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[verb uh-sim-uh-leyt; noun uh-sim-uh-lit, -leyt] /verb əˈsɪm əˌleɪt; noun əˈsɪm ə lɪt, -ˌleɪt/
verb (used with object), assimilated, assimilating.
to take in and incorporate as one's own; absorb:
He assimilated many new experiences on his European trip.
to bring into conformity with the customs, attitudes, etc., of a group, nation, or the like; adapt or adjust:
to assimilate the new immigrants.
Physiology. to convert (food) to substances suitable for incorporation into the body and its tissues.
to cause to resemble (usually followed by to or with).
to compare; liken (usually followed by to or with).
Phonetics. to modify by assimilation.
verb (used without object), assimilated, assimilating.
to be or become absorbed.
to conform or adjust to the customs, attitudes, etc., of a group, nation, or the like:
The new arrivals assimilated easily and quickly.
Physiology. (of food) to be converted into the substance of the body; be absorbed into the system.
to bear a resemblance (usually followed by to or with).
Phonetics. to become modified by assimilation.
something that is assimilated.
Origin of assimilate
1570-80; < Latin assimilātus likened to, made like (past participle of assimilāre), equivalent to as- as- + simil- (see similar) + -ātus -ate1
Related forms
assimilator, noun
nonassimilating, adjective
reassimilate, verb, reassimilated, reassimilating.
unassimilated, adjective
unassimilating, adjective
well-assimilated, adjective Unabridged
Based on the Random House Dictionary, © Random House, Inc. 2017.
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Examples from the Web for assimilate
Contemporary Examples
Historical Examples
  • Man's function as a force of nature was to assimilate other forces as he assimilated food.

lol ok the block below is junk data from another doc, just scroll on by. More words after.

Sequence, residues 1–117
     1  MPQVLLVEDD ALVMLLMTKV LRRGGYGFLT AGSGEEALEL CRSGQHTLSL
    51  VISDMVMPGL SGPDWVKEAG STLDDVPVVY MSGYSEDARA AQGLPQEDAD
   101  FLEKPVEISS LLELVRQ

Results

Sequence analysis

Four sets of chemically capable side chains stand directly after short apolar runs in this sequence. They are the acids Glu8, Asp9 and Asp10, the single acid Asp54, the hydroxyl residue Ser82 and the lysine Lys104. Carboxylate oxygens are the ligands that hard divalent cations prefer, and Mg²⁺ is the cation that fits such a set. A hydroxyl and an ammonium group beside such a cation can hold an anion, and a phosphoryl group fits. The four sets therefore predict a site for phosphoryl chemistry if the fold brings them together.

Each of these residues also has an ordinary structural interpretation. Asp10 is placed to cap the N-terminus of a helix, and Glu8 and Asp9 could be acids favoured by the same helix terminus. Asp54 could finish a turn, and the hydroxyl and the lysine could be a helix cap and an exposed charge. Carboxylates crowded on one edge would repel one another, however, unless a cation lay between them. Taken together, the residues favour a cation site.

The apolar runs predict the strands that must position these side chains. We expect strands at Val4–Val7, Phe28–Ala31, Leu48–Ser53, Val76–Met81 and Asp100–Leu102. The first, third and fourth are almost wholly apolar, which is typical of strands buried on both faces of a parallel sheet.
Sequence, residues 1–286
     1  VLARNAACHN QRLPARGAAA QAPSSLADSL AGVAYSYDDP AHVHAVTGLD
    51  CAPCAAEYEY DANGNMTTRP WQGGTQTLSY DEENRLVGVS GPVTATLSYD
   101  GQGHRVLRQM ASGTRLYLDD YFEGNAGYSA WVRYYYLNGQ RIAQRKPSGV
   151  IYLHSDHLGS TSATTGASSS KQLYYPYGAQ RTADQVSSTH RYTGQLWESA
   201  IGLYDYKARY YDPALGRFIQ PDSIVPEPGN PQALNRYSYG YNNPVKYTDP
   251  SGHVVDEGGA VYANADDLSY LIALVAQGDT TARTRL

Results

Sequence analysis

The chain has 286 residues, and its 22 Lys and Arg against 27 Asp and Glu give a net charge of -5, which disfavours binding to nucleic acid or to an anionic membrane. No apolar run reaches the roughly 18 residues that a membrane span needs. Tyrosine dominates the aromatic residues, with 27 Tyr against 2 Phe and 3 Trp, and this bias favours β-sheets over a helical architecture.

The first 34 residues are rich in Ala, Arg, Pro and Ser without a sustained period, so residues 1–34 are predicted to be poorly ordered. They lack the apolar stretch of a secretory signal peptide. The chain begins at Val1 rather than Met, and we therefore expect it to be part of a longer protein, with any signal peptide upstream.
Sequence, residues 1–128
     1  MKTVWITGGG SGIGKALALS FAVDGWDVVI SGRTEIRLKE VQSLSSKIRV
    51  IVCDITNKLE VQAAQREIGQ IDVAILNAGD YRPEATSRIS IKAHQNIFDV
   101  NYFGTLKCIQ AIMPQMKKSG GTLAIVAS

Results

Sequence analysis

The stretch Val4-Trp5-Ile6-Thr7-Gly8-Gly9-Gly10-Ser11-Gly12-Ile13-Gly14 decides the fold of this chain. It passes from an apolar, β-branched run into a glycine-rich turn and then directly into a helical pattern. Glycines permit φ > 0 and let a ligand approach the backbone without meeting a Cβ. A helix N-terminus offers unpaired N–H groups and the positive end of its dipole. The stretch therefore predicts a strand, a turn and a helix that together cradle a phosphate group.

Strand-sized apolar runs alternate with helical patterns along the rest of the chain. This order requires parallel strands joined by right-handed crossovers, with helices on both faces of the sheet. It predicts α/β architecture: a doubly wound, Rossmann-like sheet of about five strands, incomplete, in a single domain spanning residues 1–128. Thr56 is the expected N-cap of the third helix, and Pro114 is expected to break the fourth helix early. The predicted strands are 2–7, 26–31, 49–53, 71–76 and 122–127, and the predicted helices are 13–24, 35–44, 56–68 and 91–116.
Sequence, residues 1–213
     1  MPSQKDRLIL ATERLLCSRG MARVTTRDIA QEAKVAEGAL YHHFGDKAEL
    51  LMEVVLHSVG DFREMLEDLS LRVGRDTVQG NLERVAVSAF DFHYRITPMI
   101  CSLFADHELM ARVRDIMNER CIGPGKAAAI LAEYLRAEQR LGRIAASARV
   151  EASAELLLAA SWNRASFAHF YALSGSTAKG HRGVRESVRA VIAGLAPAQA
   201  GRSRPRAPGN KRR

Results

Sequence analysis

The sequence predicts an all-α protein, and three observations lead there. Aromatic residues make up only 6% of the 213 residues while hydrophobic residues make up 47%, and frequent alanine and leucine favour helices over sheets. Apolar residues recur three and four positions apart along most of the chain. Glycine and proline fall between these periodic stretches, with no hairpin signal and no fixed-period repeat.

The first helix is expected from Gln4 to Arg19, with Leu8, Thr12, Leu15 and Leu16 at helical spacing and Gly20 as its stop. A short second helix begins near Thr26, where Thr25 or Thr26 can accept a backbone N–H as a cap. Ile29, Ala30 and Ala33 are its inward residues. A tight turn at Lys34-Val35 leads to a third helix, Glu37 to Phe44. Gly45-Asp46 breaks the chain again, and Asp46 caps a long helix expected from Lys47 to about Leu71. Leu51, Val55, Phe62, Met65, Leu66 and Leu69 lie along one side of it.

• I wanted to assimilate a new fact, to get my mental vision into focus again.

    Gossamer George A. Birmingham
  • Those who assimilate their imperfect natures to the perfect type will become orators.

  • All this took Mike the Angel about one quarter of a second to assimilate.

    Unwise Child Gordon Randall Garrett
  • Democracy has on one side to assimilate aristocracy, and not overturn it.

    The Psychology of Nations G.E. Partridge
British Dictionary definitions for assimilate


(transitive) to learn (information, a procedure, etc) and understand it thoroughly
(transitive) to absorb (food) and incorporate it into the body tissues
(intransitive) to become absorbed, incorporated, or learned and understood
usually foll by into or with. to bring or come into harmony; adjust or become adjusted: the new immigrants assimilated easily
usually foll by to or with. to become or cause to become similar
(usually foll by to) (phonetics) to change (a consonant) or (of a consonant) to be changed into another under the influence of one adjacent to it: (n) often assimilates to ŋ before (k), as in ``include''
Derived Forms
assimilable, adjective
assimilably, adverb
assimilation, noun
assimilative, assimilatory, adjective
assimilator, noun
assimilatively, adverb
Word Origin
C15: from Latin assimilāre to make one thing like another, from similis like, similar
Collins English Dictionary - Complete & Unabridged 2012 Digital Edition
© William Collins Sons & Co. Ltd. 1979, 1986 © HarperCollins
Publishers 1998, 2000, 2003, 2005, 2006, 2007, 2009, 2012
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Word Origin and History for assimilate

early 15c., from Latin assimilatus "feigned, pretended, fictitious," past participle of assimilare "to make like," from ad- "to" (see ad-) + simulare "make similar," from similis "like, resembling" (see similar). Originally transitive (with to); intransitive use first recorded 1837. Related: Assimilated; assimilating.

Online Etymology Dictionary, © 2010 Douglas Harper
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assimilate in Medicine

assimilate as·sim·i·late (ə-sĭm'ə-lāt')
v. as·sim·i·lat·ed, as·sim·i·lat·ing, as·sim·i·lates

  1. To consume and incorporate nutrients into the body after digestion.

  2. To transform food into living tissue by the process of anabolism.

The American Heritage® Stedman's Medical Dictionary
Copyright © 2002, 2001, 1995 by Houghton Mifflin Company. Published by Houghton Mifflin Company.
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